When should I apply for scholarships and fellowships?
The answer to this question depends on what types of awards you are interested in applying for and when deadlines are set each year. Generally, if you are interested in awards for graduate school and/or post-baccalaureate travel or study abroad, you should begin during your junior year. At this time, you should learn about all of the fellowship opportunities for which you are eligible by spending time reviewing the Fellowships web site, library files and directories. Make an appointment with the National Fellowships and Graduate School Advisor to focus on your goals, and set a timeline.
If I don't want to apply for a scholarship or fellowship until sometime in the future, is there anything I should do to start preparing now?
Be aware of awards that may interest you so you are prepared well in advance of their deadlines. Note which awards have deadlines during your sophomore, junior or senior years and be attentive to eligibility requirements (i.e., age, citizenship, level of academic distinction (typically a G.P.A. of 3.5 or higher), Bachelor's degree). Refer to our website for this year's deadlines. In preparing to become a successful fellowship candidate, bear in mind that prime consideration is given not only to those who display a high degree of academic achievement, but to those who possess a wide variety of outstanding individual merits including:
- Outstanding leadership qualities · Social responsibility
- World-based knowledge (outside the formal curriculum)
- Versatility (both in social and intellectual endeavors)
- Commitment and investment of well-defined personal goals that further your overall objectives.
Overall, here are some suggestions for preparing in advance:
- Read newspapers such as The New York Times and Wall Street Journal to broaden your global knowledge and political spectrum. The Economist is also a recommended source for information on world affairs.
- Read current novels, AND the classics.
- Conduct a serious review of basic world history. Know your world geography.
- Be up-to-date on political and cultural dimensions of, and ethical issues in your field of study. Read the major journals in your field. (Ask your professors if you don't know which ones are best).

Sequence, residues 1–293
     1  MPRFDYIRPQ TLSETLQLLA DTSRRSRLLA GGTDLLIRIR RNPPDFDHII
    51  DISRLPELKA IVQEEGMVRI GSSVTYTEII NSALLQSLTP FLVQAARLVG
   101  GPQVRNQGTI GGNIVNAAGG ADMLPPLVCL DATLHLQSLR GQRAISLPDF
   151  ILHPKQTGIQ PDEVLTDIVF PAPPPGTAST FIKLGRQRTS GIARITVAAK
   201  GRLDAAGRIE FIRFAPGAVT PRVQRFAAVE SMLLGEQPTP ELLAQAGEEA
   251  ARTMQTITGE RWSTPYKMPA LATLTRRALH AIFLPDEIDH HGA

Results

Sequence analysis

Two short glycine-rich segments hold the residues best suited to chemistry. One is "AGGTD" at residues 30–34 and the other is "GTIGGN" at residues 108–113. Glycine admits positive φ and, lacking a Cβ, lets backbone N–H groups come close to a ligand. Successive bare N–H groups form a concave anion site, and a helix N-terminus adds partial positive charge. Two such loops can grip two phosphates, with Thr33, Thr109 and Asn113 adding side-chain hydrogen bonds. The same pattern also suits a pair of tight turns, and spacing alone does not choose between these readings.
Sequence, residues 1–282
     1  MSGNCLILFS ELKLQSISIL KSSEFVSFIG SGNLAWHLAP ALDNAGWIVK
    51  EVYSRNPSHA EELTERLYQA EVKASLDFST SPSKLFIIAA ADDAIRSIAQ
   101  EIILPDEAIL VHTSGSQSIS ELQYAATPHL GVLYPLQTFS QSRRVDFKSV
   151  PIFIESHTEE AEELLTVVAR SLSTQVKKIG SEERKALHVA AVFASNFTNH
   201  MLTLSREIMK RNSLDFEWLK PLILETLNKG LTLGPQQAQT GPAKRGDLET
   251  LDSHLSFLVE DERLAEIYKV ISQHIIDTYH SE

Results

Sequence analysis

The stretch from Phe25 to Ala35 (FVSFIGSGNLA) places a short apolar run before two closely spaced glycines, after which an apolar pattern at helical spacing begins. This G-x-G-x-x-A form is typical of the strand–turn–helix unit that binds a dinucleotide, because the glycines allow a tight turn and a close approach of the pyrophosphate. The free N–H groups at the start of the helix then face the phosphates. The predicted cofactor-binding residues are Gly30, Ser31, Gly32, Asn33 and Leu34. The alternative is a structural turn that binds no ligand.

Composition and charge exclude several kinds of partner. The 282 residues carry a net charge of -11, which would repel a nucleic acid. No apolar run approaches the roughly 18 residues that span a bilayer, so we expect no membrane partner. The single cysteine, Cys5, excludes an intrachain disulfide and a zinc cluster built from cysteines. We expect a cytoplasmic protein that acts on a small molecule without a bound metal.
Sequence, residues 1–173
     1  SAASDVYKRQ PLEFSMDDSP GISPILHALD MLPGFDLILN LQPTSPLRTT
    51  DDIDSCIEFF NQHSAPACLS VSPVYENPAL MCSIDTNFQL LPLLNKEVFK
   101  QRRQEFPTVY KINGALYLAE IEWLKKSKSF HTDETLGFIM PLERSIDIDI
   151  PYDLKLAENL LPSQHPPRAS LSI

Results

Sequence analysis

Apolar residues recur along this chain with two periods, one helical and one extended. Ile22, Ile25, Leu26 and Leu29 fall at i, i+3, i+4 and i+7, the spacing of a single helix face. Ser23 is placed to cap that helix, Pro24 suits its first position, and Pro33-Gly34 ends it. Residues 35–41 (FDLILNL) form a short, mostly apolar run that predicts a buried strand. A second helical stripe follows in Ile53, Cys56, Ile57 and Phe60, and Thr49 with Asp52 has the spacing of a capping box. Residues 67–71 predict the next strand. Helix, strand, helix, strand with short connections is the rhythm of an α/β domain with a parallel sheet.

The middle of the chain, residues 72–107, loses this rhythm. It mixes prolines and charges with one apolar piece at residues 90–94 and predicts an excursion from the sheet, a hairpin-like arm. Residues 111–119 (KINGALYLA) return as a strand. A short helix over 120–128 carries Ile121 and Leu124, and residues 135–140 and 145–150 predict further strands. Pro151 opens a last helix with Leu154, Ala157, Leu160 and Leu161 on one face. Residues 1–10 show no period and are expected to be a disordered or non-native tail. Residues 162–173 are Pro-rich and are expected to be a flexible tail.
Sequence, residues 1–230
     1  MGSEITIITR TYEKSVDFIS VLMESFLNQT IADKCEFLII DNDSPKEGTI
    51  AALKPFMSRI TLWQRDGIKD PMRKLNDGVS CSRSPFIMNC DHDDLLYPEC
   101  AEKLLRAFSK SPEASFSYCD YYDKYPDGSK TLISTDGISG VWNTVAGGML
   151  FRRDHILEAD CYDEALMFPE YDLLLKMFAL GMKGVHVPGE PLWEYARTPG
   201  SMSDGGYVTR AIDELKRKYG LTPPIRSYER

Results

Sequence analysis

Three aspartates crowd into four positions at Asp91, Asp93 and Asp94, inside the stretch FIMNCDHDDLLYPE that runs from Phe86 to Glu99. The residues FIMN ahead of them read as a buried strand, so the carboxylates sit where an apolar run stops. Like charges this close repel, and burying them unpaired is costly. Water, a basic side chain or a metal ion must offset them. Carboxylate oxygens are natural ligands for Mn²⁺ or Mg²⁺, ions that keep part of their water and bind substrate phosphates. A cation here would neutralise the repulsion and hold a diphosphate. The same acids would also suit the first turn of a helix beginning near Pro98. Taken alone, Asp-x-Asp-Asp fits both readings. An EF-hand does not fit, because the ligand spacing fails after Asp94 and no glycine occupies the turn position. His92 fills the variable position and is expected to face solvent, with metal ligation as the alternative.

How many fellowships should I apply for?
You can apply for as many or as few fellowships as you like. You must weigh the time it takes to complete applications, whether or not you are a competitive candidate, and how much work you want to put into the application process. You should feel free to meet with the National Fellowships and Graduate School Advisor to discuss this further.
What can't I control about the application process?
The grade point average; the composition of the selection committee; the bias of the selection committee; the intent of the award; the eligibility requirements; the pool of applicants when you apply - both quality and quantity; and, to a certain degree - luck and chance.
What can I control in the process?
You can decide. Taking control is deciding to apply, because if you don't apply, you can't win. Also, you can select scholarships that are a good match with your G.P.A., areas of interest and background (but remember to stretch a little!). You can choose to take the time to prepare a quality application and meet the deadlines. And finally, you can remember that your goals are worthwhile even if you don't receive the award.
What's the first thing I should do once I receive an application from a scholarship foundation?
You should immediately make several copies of the forms. The more copies you make, the better prepared you will be to create a clean presentation. Please note that many fellowship applications are now online. Some may be downloaded and others may be submitted electronically. If you choose this route, please be sure to confirm whether your application will be noted by time of submission or receipt. This is crucial as high volumes on deadline dates may cause delay.
Who is available for help and advice?
The National Fellowships and Graduate School Advisor can help answer any questions you may have about the application process and specific competitions. Faculty advisors and professors in your field of interest can be helpful in advising you as to whether your interests match a specific award and in developing and critiquing proposals for study. Discuss your ideas and plans with your friends, roommates, parents, siblings and anyone else who will listen. The more conversations you have, the better you will be able to articulate your goals and ideas. This is wonderful practice for both writing essays and interviewing with selection committees. Be sure you are able to clearly communicate why you are interested in a particular program, university or country. Be open with your writing and ask those you discuss your ideas with to critique your essays as well.
What are my tax obligations for fellowships I receive?
Don't let April 15th catch you by surprise! Educational tax deductions may only be taken for costs required by the institution of study. This means that travel and living expenses are not deductible. Therefore, some awards, or portions of them, may count as income and must be taxed accordingly. For official IRS information request Publication 970, "Scholarships and Fellowships", call 1-800-829-1040 or read the Publication 970 IRS article online.